This will be the last in the series of blogs on EROI that started with John Morgan’s guest blog (November 4). The set of data in all three blogs was based on a paper by Weißbach et al. that suggested an economic threshold below which sustainable energy sources cannot be used in the substitution of fossil fuel, thus calling into question the whole issue of a feasible energy transition to non-carbon-based energy sources. One of these sustainable energy sources is biomass, as exemplified by ethanol (drinking alcohol) fermented from corn. Its EROI value (buffered or un-buffered), as put forward in the Weißbach paper, was 3.5 – well below the stated economic threshold. I have decided to focus this blog on the debate around this value, which started as soon as the United States legislated a requirement to include a statement of the amount of alcohol in all automotive fuels being sold within the country.
Some of the characteristics of the alcohol (biomass in the figure) are not obvious, but they are both interesting and important in the climate change debate. Many of the characteristics, once the details are explored, also shed considerable doubts (at least in my mind) on the main EROI issues that we discussed in the last three blogs.
Why is biomass among the assortment of sustainable energy sources?
The burning of ethanol generates 6,743Btu per 1Lb of emitted carbon dioxide, while the burning of natural gas generates 8,751Btu for the same amount of emitted carbon dioxide – these figures are not much different yet one is regarded as sustainable while the other is regarded as a polluting fossil fuel. The reason for this is that the designation refers to the full cycle of production and burning. The ethanol is fermented from a biological crop grown annually; as with all plants, the corn uses a solar-powered photosynthetic process that sequesters the carbon dioxide from the atmosphere. The burning process returns the same amount of carbon dioxide to the atmosphere while releasing the stored energy. That means over the full cycle, the energy used actually all comes from solar energy, and presents no changes to the chemistry of the atmosphere.
In the case of natural gas, a similar process takes place – except that fossil fuels were formed hundreds of millions of years ago from the decomposition of dead plants and animals. This time lag completely separates the sequestration process from the combustion process, thus making it unsustainable.
If the energy that we use in the combustion of biomass comes from solar energy why it is not considered an intermittent source of energy like the other solar energy forms (solar PV, wind, solar CSP and hydro) which require storage (the difference between the buffered and un-buffered in the graph)?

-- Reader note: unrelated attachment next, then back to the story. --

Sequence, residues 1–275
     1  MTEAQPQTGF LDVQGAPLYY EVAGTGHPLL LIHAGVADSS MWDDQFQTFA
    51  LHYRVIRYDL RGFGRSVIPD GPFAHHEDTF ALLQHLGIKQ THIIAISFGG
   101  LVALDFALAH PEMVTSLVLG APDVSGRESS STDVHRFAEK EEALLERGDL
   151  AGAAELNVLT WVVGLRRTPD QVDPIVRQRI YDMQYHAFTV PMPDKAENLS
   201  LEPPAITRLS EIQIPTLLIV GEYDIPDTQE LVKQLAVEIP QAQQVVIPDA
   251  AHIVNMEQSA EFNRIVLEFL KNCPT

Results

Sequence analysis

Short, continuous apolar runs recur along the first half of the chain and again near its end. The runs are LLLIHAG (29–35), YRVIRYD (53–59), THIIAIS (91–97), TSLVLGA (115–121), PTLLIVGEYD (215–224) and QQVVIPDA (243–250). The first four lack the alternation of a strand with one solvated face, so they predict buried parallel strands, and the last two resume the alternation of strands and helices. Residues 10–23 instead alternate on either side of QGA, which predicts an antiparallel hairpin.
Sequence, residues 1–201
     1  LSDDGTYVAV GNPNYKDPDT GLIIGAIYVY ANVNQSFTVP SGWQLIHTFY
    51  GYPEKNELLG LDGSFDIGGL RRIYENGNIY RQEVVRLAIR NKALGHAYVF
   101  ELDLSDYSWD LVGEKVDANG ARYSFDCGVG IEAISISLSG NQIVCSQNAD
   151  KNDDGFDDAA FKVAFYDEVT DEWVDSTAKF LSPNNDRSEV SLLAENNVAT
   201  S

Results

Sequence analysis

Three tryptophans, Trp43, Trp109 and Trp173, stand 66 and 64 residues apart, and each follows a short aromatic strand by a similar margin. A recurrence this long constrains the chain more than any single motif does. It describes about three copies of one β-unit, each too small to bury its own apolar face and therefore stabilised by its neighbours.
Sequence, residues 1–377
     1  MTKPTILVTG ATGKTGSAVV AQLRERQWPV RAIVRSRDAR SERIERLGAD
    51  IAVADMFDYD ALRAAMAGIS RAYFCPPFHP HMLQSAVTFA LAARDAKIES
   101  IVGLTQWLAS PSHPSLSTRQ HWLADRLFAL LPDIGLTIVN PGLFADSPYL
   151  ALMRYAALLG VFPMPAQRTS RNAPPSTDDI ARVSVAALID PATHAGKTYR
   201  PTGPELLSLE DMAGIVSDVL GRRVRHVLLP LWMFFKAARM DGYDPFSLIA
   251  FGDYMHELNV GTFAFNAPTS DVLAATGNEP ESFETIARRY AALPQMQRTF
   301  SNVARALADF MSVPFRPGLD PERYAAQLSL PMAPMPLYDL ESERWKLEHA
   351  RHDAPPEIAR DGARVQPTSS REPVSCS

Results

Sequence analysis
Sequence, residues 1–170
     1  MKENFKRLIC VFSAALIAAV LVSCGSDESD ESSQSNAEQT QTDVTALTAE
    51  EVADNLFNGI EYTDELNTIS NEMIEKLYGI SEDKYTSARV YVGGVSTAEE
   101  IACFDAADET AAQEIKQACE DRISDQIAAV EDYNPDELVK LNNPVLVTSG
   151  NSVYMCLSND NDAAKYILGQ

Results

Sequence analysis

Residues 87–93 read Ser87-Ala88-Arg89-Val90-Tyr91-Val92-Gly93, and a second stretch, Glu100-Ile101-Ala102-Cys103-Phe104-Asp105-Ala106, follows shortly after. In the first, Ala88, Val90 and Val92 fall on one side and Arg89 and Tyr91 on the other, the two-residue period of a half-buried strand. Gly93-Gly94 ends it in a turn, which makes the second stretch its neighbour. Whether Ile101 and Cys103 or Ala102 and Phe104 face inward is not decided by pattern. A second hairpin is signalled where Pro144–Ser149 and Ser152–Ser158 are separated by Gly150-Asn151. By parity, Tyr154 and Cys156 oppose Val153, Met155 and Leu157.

This is an excellent question with a somewhat hazy answer. The main reason is that in a place like the United States the alcohol is made mostly by fermenting (bacterial digestion of the sugar) corn. Corn is also used to feed people and animals. This forms a tight connection between the food supply and the energy supply. In a sense, the food supply acts as the storage component of the energy supply. Unfortunately, it creates major issues for the food supply, which are especially notable since the majority of the world’s population is much more dependent on food supply than those who live in rich, developed countries such as our own. This brings us back to ancient times and the biblical story of how Joseph got to such a high position in the Egyptian hierarchy because of his ability to regulate the intermittency of the seven bad years and seven good years (I previously explored this in the context of fresh water supply in my April 8, 2014 blog).
The idea of using ethanol as a partial replacement for fossil fuels didn’t start because of awareness of climate change. As I have mentioned before (October 29, 2012), soon after World War II, it became evident that dependence on fossil fuels as the main source of energy would have to end sooner or later (remember the Hubbert Peak theory). The main reasons at that time were our finite supply and the limited reliability of foreign suppliers. So the thought was that it would be great to be able to grow our energy supply. This move would be especially great for the agricultural sector, which would be charged with increasing supply, thus giving them leave to raise prices and increase their profits. There were fierce debates that took place on this issue, many of which focused on the EROI that was calculated for this new energy supply.
The debate started following some EROI measurements that showed that it takes more fossil fuels to produce the same amount of energy that can be extracted from the ethanol – in other words, it’s an EROI smaller than 1. In 2002 the US Department of Agriculture (USDA) took its own measurements and summarized them in a report on the topic.
I am quoting three short introductory paragraphs from the report and including a detailed table that summarizes the results:
Ethanol production in the United States grew from just a few million gallons in the mid-1970s to over 1.7 billion gallons in 2001, spurred by national energy security concerns, new Federal gasoline standards, and government incentives. Production of corn-ethanol is energy efficient, in that it yields 34 percent more energy than it takes to produce it, including growing the corn, harvesting it, transporting it, and distilling it into ethanol.